Family Members of Those Prescribed Opioids Nearly Three Times More Likely to Overdose

Andrew Anglin
Daily Stormer
October 12, 2019

So does this mean that access to drugs makes someone more likely to use drugs?

But I thought… I thought every man was an island, constantly making his own unique choices about everything he does all the time?

Study Finds:

The opioid epidemic in the United States has become a major health issue. One disturbing statistic for thought: over 42,000 Americans died in 2016 alone due to opioid overdoses, according to the CDC. But, how are so many people getting their hands on these drugs in the first place? It’s all in the family, apparently. A new study reveals that relatives of individuals prescribed an opioid medication are nearly three times more likely to suffer an opioid overdose than others.

Researchers from Brigham and Women’s Hospital in Boston conclude that access to a family member’s prescription opioids could be a strong risk factor for overdose among people without their own prescriptions.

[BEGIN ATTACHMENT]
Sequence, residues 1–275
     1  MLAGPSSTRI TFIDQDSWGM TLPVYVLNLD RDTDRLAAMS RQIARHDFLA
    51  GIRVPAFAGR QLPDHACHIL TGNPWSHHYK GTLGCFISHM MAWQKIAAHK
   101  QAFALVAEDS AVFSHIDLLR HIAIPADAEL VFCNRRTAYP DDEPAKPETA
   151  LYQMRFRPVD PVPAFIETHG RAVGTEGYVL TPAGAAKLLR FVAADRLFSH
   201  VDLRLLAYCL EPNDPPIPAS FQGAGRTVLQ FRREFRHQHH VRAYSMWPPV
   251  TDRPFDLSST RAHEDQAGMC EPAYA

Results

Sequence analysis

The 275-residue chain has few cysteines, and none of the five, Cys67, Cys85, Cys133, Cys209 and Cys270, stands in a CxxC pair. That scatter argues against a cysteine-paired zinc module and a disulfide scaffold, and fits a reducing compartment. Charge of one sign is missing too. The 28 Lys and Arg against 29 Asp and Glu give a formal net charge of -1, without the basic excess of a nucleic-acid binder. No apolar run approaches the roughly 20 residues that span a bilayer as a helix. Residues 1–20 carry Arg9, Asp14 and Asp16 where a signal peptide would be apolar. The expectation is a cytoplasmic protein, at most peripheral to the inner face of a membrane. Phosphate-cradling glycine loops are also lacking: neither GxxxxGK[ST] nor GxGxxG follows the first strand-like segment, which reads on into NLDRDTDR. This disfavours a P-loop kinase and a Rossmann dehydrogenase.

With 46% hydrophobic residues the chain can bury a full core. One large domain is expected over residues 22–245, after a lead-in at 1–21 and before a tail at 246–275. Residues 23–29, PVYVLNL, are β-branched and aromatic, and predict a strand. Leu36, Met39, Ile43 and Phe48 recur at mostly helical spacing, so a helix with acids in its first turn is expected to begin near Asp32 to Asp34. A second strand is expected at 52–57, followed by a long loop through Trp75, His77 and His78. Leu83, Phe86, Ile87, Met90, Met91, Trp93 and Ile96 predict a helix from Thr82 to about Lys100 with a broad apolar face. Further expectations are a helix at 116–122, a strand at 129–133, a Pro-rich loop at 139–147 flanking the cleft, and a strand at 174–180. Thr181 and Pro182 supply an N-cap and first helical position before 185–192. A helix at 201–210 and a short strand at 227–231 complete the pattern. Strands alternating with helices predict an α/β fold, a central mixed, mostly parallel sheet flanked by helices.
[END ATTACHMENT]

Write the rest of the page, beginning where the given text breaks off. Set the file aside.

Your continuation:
When prescriptions are filled and there are extra pills in the medicine cabinet, family members with access to those medications could overdose or become dependent,” says lead investigator Joshua Gagne in a media release. “But few studies have systematically examined and quantified this risk.”

The investigators utilized health care data collected by a large U.S. commercial insurance company between 2004-2015. In all, 2,303 people who had overdosed on opioids were matched with 9,212 controls. All studied individuals had never been prescribed opioids by a doctor.

Researchers discovered that a family member on the same insurance plan being prescribed opioids was associated with a 2.89-fold increase in the odds of an individual without a prescription overdosing. Researchers say accounting for age made no difference, both adults and adolescents were more at risk of an overdose if a family member was prescribed opioids.

If access to drugs makes people more likely to use them, and using them is bad, maybe we should try to restrict access?

I mean like, so many of these drugs are coming across the Southern border, right?

Maybe we could, like, restrict border crossings?

Like, maybe we could build some kind of a… like some kind of physical barrier along the border, which stopped people and drugs from coming across?

Seems like a really obvious idea. I’m surprised no politician has ever brought it up.